A Review of
Abraham Joshua Heschel: The Call of Transcendence
Reviewed by Alden Bass
Many of us first encountered the Rabbi Abraham Joshua Heschel through his work The Prophets, a title which, despite its 1962 publication date, continues to surface in seminaries and theology courses. Prophets was unique not only because of its vivid prose, but because in the midst of an academy ruled by historical criticism, the book returned our attention to the ancient prophets themselves, granting them new voice and making them present to us once again. Moreover, Heschel himself, with his great white Gandalf beard and oracular prose, embodied the venerable tradition of the schola prophetarum through his activism and scholarship.
Just as his scholarly work placed the prophets within their historico-political context, integrating thought and life, Heschel’s own mission exceeded the university’s walls. As a child, he fled with his family from Hitler’s Europe, and for the rest of his life he engaged tough moral questions in public. Throughout the 1960’s, Heschel was involved in the American civil rights movement, famously marching to Montgomery with Martin Luther King Jr. Heschel also participated in the anti-war movement; it was he who encouraged King to speak out against Vietnam. In ’68, the rabbi spoke at King’s funeral.
Shai Held does not delve into many biographical details in his new book, concentrating instead on his theological legacy. This is a welcome contribution: Heschel’s life story, and his association with King, is so dramatic that it’s easy to dismiss his theological achievements or reduce them to a few pithy quotes (of which there are many candidates). Even in his own lifetime Heschel was considered more of a catechist than an academic theologian, and was relegated by his colleagues at Jewish Theological Seminary to teaching in the Rabbinical school rather than the graduate school. His work belonged more to the field of “spirituality,” they thought, rather than to theology proper.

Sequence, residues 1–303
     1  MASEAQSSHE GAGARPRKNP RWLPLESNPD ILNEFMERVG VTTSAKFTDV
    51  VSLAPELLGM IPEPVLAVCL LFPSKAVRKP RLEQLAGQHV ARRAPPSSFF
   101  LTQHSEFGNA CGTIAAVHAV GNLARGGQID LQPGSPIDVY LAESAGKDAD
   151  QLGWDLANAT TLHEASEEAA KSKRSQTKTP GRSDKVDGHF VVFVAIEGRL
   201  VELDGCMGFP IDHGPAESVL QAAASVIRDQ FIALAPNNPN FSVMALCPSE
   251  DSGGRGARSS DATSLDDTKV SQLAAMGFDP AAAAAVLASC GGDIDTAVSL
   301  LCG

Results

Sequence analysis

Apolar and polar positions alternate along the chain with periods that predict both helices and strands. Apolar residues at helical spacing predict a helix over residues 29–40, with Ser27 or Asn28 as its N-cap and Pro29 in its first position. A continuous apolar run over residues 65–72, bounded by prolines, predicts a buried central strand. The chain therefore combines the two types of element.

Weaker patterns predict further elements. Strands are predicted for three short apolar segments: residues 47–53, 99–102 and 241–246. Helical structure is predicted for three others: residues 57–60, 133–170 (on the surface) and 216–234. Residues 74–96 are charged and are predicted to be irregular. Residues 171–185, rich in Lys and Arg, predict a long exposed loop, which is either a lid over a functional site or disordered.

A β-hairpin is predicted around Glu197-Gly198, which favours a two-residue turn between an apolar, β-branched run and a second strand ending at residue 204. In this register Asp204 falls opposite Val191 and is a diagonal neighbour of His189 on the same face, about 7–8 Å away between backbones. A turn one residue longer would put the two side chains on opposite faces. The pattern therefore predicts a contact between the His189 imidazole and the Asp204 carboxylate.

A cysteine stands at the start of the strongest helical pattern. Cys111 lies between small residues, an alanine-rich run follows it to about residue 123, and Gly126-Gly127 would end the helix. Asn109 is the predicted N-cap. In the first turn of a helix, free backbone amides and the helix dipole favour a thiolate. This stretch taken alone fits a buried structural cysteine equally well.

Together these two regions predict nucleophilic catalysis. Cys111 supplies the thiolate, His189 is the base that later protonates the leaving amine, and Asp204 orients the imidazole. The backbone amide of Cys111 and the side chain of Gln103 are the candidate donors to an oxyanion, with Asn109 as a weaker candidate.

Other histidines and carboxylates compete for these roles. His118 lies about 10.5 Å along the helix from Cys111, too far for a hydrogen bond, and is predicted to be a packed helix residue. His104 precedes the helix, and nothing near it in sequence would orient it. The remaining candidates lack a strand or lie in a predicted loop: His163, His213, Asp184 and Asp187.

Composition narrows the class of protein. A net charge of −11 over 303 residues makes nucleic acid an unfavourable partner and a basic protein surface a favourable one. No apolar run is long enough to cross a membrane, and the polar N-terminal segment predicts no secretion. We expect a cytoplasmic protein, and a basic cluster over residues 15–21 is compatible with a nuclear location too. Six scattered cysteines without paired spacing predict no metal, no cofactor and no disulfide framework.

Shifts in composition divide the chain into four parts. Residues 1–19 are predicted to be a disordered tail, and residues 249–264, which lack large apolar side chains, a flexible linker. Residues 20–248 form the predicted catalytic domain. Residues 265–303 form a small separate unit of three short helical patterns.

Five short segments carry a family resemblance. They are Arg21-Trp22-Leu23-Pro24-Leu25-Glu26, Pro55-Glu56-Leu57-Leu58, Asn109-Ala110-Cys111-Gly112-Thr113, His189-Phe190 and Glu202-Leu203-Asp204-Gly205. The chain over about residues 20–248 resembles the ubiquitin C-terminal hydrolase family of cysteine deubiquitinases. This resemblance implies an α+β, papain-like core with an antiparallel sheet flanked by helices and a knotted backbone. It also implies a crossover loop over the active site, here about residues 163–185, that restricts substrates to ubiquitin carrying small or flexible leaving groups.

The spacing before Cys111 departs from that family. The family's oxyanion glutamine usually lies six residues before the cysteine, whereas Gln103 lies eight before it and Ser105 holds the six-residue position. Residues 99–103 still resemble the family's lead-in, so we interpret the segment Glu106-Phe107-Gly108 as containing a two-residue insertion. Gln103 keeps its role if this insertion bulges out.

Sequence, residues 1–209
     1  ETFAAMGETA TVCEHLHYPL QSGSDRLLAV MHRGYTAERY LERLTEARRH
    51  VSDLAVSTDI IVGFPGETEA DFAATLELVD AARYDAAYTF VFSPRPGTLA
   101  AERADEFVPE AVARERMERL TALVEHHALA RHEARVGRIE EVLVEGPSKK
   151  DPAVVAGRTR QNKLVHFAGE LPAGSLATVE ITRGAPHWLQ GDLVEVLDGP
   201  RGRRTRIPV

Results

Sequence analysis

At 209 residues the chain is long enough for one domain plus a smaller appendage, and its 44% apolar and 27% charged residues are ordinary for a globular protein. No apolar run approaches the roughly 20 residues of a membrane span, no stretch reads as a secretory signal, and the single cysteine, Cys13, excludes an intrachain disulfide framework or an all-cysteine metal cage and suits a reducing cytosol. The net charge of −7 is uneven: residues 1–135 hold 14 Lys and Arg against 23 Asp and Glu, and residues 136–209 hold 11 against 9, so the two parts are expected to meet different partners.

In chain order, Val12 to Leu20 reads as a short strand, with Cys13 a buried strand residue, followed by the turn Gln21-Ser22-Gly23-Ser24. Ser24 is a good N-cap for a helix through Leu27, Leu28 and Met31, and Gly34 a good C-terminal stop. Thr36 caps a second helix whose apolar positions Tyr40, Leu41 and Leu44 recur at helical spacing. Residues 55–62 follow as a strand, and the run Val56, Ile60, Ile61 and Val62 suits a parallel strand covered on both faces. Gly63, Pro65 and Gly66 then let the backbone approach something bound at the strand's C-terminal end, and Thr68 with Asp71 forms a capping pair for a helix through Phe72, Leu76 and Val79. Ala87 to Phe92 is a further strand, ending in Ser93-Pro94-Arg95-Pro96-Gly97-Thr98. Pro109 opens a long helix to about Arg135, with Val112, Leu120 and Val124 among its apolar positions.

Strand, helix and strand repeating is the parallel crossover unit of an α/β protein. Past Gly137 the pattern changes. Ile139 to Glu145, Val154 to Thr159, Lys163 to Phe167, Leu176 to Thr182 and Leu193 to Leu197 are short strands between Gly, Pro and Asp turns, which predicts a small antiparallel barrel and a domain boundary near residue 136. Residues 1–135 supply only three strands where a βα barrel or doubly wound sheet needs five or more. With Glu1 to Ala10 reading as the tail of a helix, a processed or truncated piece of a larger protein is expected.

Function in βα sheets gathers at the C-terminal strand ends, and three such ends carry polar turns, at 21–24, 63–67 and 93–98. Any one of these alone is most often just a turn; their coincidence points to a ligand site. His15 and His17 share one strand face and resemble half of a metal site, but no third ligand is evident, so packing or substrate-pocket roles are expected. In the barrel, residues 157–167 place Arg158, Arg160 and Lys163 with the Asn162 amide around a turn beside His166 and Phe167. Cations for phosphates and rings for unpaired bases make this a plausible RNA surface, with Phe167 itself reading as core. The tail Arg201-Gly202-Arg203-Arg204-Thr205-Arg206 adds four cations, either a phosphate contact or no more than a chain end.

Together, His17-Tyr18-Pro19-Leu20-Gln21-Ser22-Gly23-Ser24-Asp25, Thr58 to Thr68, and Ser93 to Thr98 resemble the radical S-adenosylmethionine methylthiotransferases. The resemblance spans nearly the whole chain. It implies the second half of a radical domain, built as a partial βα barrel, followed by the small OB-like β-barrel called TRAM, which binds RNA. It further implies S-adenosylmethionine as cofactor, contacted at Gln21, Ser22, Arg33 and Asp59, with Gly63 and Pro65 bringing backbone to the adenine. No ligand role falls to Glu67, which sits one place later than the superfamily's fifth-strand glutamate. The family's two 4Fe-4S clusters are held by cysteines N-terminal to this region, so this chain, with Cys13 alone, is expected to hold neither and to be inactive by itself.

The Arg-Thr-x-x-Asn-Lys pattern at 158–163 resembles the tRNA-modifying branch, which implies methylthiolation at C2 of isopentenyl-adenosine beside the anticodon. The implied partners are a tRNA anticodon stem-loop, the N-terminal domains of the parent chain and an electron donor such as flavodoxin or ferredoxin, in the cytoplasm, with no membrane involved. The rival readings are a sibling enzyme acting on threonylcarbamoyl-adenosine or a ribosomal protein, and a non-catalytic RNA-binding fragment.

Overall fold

According to Held, however, this position needs to be reconsidered; in Heschel’s body of work, theology and spirituality compose a single piece. Privately, Heschel considered himself to be a prophet, or at a “prophet of the prophets,” with a mission of reorienting human life away from self-centeredness and toward God-centeredness. This is the key concept in his throughout his theological publications – self-transcendence. Heschel distinguished between “reflexive concern” – concern for one’s self and one’s future – and “transitive concern,” or concern for the interest of others. Self-transcendence is the move from self-centeredness to other/God-centeredness; in other words, transitive concern. This anthropology is based on a conception of the divine in which God is always already self-transcendent. Unlike creatures, God has no need at all for reflexive concern; God is completely free, in a way humans are not, free to love others fully and without regard for self. God is always in search of Man (as one of his book title’s states), not the other way around. Religion is not humanity’s search for the divine, but humanity’s openness to God’s a priori concern.